Editing Tool--or Aid to Piracy? : Hollywood Outraged by Dual Video Recorder

Times Staff Writer

A Japanese company has begun marketing abroad a videocassette recorder that allows owners to make copies of videotapes, but Hollywood movie producers and the videocassette recording industry are calling the new machine "an outrage."

The marketer says the machine will enable owners of home video cameras to edit their own home movies. Hollywood regards it as a new way to make pirated tapes of commercial movies.

The controversial new recorder is being marketed in the Middle East by Sharp Corp. of Osaka as the world's first "double cassette" recorder.

Sharp says in a brochure that it created "this revolutionary product in response to the spreading popularity of video, which is becoming a central element of home entertainment."

The dual cassette recorder sells for less than $1,000, but "Sharp has no plans to market it in the United States," said Daniel Infanti, manager of corporate communications and marketing for Sharp Electronics Corp., the U.S. subsidiary.

Infanti said the primary use for the new dual cassette recorder is to edit recorded tapes. "This was not designed or promoted to be a pirate machine or a tape duplicator," he said. "If someone wants to pirate tapes, you can do it without this machine."

At present, a consumer who wants to copy a videotape must use two machines. But the new Sharp recorder has slots for two tape cassettes, and the company says it produces higher-quality copies than two machines wired together.

With the new machine, users can also watch a recorded tape on one cassette while taping a television show on the other.

The dual cassette recorder uses a broadcast standard incompatible with the one used in the United States, but industry experts say that could be changed without difficulty.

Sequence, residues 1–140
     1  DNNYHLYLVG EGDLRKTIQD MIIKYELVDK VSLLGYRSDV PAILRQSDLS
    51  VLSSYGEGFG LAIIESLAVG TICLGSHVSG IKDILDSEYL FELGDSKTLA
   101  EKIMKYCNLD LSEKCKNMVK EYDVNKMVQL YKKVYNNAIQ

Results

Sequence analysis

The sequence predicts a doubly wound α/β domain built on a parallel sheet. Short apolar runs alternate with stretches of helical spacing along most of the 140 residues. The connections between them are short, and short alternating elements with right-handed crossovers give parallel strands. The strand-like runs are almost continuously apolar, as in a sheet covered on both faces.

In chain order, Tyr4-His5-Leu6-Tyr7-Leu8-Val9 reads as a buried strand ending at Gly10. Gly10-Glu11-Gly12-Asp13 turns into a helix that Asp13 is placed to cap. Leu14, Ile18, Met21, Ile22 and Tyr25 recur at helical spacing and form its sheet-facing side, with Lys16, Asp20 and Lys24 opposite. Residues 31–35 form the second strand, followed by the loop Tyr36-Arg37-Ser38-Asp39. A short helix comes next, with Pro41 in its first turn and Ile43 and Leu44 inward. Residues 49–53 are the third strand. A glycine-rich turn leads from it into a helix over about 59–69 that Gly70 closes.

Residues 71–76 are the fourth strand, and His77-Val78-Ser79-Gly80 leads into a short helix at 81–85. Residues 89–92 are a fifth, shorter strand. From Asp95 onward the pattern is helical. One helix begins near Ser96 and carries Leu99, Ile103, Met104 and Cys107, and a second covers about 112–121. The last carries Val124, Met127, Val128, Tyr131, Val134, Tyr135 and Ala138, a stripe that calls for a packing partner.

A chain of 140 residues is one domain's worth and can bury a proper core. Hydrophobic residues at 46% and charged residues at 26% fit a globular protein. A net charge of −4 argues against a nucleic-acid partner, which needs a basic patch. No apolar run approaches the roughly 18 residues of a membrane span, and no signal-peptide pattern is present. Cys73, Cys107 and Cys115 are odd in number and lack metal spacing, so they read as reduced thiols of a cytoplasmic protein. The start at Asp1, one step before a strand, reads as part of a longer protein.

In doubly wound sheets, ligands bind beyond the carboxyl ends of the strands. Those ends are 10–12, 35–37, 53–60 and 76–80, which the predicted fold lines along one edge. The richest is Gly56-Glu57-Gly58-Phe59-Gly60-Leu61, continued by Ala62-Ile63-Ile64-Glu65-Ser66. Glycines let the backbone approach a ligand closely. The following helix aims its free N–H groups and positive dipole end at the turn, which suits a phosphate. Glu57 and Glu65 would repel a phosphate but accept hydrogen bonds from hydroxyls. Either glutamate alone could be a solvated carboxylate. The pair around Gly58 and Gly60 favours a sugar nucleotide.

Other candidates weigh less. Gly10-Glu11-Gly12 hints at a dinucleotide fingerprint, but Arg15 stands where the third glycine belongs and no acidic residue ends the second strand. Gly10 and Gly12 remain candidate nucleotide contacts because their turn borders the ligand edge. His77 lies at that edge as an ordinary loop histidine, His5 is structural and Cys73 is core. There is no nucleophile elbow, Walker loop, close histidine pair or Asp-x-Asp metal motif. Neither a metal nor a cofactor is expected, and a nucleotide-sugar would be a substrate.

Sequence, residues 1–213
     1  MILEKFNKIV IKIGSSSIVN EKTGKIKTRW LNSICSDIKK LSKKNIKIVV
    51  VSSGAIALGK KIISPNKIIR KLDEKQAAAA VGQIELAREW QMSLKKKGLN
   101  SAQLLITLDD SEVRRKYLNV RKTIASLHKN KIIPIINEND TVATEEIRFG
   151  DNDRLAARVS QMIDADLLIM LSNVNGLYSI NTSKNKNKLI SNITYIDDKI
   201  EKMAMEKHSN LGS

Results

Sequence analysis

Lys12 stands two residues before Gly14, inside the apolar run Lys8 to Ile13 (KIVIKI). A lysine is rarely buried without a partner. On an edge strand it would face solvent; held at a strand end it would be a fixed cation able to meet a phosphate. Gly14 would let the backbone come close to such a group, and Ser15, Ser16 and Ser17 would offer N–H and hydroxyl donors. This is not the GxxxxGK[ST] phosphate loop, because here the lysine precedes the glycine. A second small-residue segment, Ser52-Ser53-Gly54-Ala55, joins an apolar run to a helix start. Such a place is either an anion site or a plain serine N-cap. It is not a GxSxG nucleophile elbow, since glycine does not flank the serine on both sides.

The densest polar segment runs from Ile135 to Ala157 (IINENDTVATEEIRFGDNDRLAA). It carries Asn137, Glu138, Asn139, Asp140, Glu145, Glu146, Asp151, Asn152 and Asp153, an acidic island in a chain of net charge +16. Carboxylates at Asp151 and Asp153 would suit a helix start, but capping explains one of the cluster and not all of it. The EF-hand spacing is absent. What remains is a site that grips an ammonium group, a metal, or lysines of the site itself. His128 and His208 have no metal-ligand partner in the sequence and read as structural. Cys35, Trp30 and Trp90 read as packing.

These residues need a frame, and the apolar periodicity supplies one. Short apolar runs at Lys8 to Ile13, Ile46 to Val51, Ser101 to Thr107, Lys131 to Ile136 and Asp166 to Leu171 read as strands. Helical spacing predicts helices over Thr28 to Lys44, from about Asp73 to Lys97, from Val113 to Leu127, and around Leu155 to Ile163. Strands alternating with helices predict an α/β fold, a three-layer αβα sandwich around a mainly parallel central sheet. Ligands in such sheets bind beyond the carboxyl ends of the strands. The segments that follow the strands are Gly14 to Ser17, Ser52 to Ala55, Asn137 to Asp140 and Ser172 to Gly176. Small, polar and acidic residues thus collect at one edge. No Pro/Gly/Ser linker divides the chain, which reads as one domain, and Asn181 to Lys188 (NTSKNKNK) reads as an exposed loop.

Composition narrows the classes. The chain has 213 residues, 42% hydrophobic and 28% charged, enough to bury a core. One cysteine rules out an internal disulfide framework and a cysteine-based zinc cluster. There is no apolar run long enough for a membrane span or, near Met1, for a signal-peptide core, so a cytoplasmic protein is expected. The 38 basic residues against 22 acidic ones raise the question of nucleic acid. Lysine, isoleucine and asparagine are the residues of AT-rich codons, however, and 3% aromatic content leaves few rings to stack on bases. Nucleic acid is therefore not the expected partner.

Movie and video industry officials say that allowing the new recorder into the United States would undermine the nation's 14,000 video rental stores and limit the ability of Hollywood to realize profits from prerecorded tapes.

Jack Valenti, president of the Motion Picture Assn. of America, which represents the country's major movie studios, called the new Sharp recorder "a blatant call for thievery. It's another sword thrust right in our belly.

"This would only reinforce the notice that the public believes it is socially and politically acceptable to copy a movie without permission," he said.

"Sharp has introduced these machines in the Middle East because there are no copyright laws (there)," Valenti added.

Michael Olivieri, vice president of marketing and sales for Vestron Video of Stamford, Conn., the largest independent video distributor, said the new recorder "certainly would not add to the health of the industry."

"I think it would really hurt the development of new programming because it would make piracy rampant," added Stuart Karl, head of Karl Video Corp. in Newport Beach, an independent video producer whose best-selling videotapes include "Jane Fonda's Workout."

Recalling the movie industry's vigorous campaign against the videocassette recorders now available in the United States, one top video industry official said of Sharp's decision to keep its dual cassette recorder out of this country: "I don't think they want to raise the wrath of trade sanctions, potential legislation or legal remedies."

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